Participants Continue Large US Equity Dump

May 9, 2005 ( - Most participants remain disinclined to reallocate their retirement plan balances, but those who do seem to be chasing market trends.

According to the Hewitt 401(k) Index, large cap US equity funds suffered most during April, with nearly half (42%) of the net outflows coming from that category.   The flood from large US equity funds continues a trend that has been in evidence since January – and more than $400 million has transferred from that category since the beginning of the year, according to Hewitt (see  401(k) Participants Go to International. Then Stable Funds in March ).       

Trading volumes were normal on most days during April – with just two moderate level trading days, and one low volume day on April 6.   Interestingly enough, one of the moderate level trading days favored equities despite a sharp drop in major US stock indices on that day (April 13).   Overall trading volume remained quiet, with only 0.038% of 401(k) balances trading on a net basis on any given day – a figure that Hewitt notes is below trailing 12-month average daily net transfer activity levels of 0.040%, and lower than average daily net transfer activity levels in March and February (see  Hewitt: February K Plan Trading Went Out with a Bang ).   Transfer activity peaked at 0.077% of balances on the last business day of the month.

Stock “Flock”

Following large cap US equity funds, small US equity funds experienced the second largest net outflows – nearly 28% of the net outflows.   International funds, whose relatively strong performance has drawn participant interest this year, saw that trend reversed in April, and were nearly 9% of the month’s net outflows.   Such funds had experienced net monthly inflows since the end of the third quarter of last year. However, as international equity indices swooned in tandem with domestic stock markets last month, the tide turned, according to Hewitt.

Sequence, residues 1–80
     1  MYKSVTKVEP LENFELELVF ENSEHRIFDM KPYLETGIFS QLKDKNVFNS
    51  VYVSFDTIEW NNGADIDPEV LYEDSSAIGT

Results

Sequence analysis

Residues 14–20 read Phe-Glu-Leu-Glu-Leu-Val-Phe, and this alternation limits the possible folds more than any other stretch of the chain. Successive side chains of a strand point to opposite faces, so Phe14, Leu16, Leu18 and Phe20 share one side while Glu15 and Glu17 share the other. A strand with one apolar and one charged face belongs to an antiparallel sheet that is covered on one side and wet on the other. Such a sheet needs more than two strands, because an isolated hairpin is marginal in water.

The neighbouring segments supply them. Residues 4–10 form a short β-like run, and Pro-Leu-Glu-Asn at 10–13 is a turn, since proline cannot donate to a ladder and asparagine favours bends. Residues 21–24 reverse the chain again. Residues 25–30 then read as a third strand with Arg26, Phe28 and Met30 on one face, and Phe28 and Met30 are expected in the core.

The primary beneficiaries of the movement from stock funds were GIC/stable value offerings, which drew 42.6% of the net inflows, followed distantly by bond funds (20.29%), company stock (17.97%), and money market funds (16.96%).

Oddly, given the transfer trends, large US equity funds drew the largest proportion of contributions during the month – some 24.21%.   GIC/stable value were the second most popular draw, pulling nearly one-in-five April contribution dollars, while company stock received more than 15%.   That ordering remained consistent, even when considering participant-only contribution flows.

Because of market weakness and transfer activity, however, participants’ overall allocation to equity investments decreased slightly to 66.0% by the end of April, from 66.4% at the end of March. Historically, 401(k) participants’ equity exposure, according to the Index, has been as high as 74% (in 2000) and as low as 57% (in 2003).

The Hewitt 401(k) Index tracks the daily transfer activity of nearly 1.5 million 401(k) plan participants with nearly $90 billion in collective assets.